To us, it’s garbage. To them, it’s dinner.
There are some busy scavengers who live among us — crafty critters who share our cities and recycle the mountains of food waste our messy society leaves behind.
Through the help of thoughtful and passionate scientists who have come to understand and love these creatures, we uncover just what makes scavengers tick. Debunking some myths along the way, we learn what adaptations they have evolved for this “messy” job, what benefits they can provide us, and how us humans can work with them so they can do their job even better.
On bustling Broadway in the middle of Manhattan, a team of young entomologists are braving the crowds of tourists to examine some of New York’s smaller inhabitants — ants. They are discovering how important the tiny, but numerous, insects are for keeping the city’s streets clean.
In Berlin, furry foxes have adapted to scavenge and survive in the urban environment — something they needed to do as human settlements encroached on their habitat. At home in Canada, we go on the hunt for the shyest and most elusive scavenger of them all — the opossum. In Toronto, Ontario, one researcher is learning more about the plucky marsupials that have recently made our backyards home, and how they’re making our cities healthier for us.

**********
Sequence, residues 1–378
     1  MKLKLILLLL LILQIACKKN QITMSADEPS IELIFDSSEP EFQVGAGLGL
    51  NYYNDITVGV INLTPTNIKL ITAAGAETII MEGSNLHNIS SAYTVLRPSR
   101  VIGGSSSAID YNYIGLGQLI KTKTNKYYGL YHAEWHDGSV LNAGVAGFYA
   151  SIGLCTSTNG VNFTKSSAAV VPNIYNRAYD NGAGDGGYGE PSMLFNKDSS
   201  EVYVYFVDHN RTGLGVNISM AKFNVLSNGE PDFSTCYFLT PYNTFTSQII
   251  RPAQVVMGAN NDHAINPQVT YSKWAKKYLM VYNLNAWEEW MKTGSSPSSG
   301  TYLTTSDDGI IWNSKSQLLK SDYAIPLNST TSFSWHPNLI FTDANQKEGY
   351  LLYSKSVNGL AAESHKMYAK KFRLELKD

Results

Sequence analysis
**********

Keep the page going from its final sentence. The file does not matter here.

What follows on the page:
In Ethiopia, the city of Addis Ababa is teeming with one of the most recognizable scavengers of them all — vultures. These striking birds are disliked by some, but they are protecting people from deadly disease. But the vultures are in trouble, their populations in decline due to poisoning. Meet the researchers on a mission to reverse the fortunes of Africa’s vultures and change the hearts and minds of the people that rely on them.
Vultures, ants, foxes, opossums and others offer us many benefits, simply by sharing our space. Nature’s Cleanup Crew is a cast of vital creatures, each beautiful in their own right. Without them, our waste would be piling up and we would be dealing with many deadly diseases.
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